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Trending Accessories

Furniture World Magazine


For this, the second installment in Furniture World’s “Trending Accessories” series, we asked a panel of accessories experts how retailers can do a better job of buying, merchandising, selling and profiting from the accessory items in their stores.

Choose The Right Accessories

In the May/June 2015 issue (see www.furninfo.com), trend expert Patti Carpenter, President + Creative Director for carpenter + company identified the major trends in accessory colors and palettes. When asked how retailers might incorporate these trends into their sales processes, she suggests that retailers, “start by focusing on each customer’s general overarching style, then consider how to move that person forward. Right now, trends are more evolutionary, more subtle. Huge revolutionary changes are not occurring every season. So, retailers need to help customers make simple and subtle changes that won’t break the bank, but that can help make their spaces look more refreshed, updated and contemporary.”

To do this effectively it’s obvious that salespeople must know more about each prospective customer. “Retailers,” she says, “should engage customers, find their preferences, become a partner. It’s not a one size fits all. That exchange, that interaction is what keeps brick and mortar retail relevant. If a store is not taking full advantage of the face time they have with each customer, they aren’t giving them much more than they could get by shopping online. The whole point of them coming in is to experience that interaction. So stores should definitely take this opportunity to engage in a very different way.”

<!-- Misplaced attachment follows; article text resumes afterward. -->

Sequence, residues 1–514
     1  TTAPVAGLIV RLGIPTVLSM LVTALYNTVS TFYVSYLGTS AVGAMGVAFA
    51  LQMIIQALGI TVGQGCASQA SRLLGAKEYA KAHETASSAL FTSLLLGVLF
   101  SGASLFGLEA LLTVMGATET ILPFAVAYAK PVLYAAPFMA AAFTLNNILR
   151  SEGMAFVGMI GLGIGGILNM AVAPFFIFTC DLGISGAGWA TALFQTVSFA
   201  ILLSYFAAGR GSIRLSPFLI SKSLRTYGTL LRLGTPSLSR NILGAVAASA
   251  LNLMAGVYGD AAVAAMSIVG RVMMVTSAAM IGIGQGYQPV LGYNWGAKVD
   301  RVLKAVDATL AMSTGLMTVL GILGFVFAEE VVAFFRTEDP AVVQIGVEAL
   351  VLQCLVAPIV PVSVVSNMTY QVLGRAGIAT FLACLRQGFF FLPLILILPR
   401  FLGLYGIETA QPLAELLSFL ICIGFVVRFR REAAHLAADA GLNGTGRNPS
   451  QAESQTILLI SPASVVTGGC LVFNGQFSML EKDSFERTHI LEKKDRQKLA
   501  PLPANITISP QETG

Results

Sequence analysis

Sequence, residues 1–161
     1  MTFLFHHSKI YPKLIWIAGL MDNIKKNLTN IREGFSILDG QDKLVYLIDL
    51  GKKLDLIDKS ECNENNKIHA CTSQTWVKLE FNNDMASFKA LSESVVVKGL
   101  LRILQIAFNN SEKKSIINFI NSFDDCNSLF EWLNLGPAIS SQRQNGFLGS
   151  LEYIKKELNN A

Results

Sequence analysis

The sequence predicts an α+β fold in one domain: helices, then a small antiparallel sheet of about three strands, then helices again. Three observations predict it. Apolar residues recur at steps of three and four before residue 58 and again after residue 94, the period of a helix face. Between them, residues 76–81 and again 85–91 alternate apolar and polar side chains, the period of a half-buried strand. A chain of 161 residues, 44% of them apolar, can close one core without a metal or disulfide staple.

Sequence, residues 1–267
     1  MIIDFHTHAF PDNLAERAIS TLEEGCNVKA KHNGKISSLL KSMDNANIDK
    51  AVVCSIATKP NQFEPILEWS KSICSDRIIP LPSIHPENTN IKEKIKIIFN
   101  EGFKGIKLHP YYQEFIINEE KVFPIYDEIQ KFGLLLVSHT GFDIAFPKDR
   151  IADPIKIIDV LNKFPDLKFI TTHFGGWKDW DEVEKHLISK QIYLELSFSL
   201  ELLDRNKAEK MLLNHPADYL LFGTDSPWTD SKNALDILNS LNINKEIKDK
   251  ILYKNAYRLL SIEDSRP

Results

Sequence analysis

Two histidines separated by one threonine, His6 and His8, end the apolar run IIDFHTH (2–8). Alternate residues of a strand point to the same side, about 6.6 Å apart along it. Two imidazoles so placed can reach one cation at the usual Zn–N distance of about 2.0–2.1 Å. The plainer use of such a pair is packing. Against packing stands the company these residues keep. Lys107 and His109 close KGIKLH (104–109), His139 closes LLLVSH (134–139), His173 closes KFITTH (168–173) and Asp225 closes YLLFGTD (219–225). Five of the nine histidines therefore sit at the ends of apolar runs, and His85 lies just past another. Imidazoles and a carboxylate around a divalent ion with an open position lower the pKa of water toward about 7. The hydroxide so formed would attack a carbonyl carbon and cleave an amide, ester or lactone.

“It’s very important

to understand how merchandise is performing, but once you get 
this information, it’s just as important to discover the reason why.”

“You don’t have to be everything to everybody, adds accessory consultant Paul Thompson. “But given where your store is right now, you need to at least look innovative and current. I hate it when I visit furniture stores that make me feel like I just stepped back into 1989.”

Paul says that the sale should always start with great displays because, “if the dining room table isn’t accessorized with a lazy susan, and there isn’t a small sculpture above the hutch, or that large ceramic rooster with a cornucopia and some fake fruit coming out of it, plus small mirrors on the wall, hurricane candles, dishes and all the other accessories that evoke a French Country, American Classic or other lifestyle, the salesperson just can’t start talking about them.”

The good news, says Jason Phillips, Vice President of The Phillips Collection, Founder/President of Jason Phillips Design, and current President of the American Society of Furniture Designers is, “People in general are much more excited about their furniture purchasing decisions, due in part to all the home improvement TV shows. Husbands are getting involved, so it’s more of a fun process. Consumers are not just shopping because they need a new sofa to replace the one their dog chewed up. They’re changing a room, adding accents. Retailers need to make it fun.”

Ask The Right Questions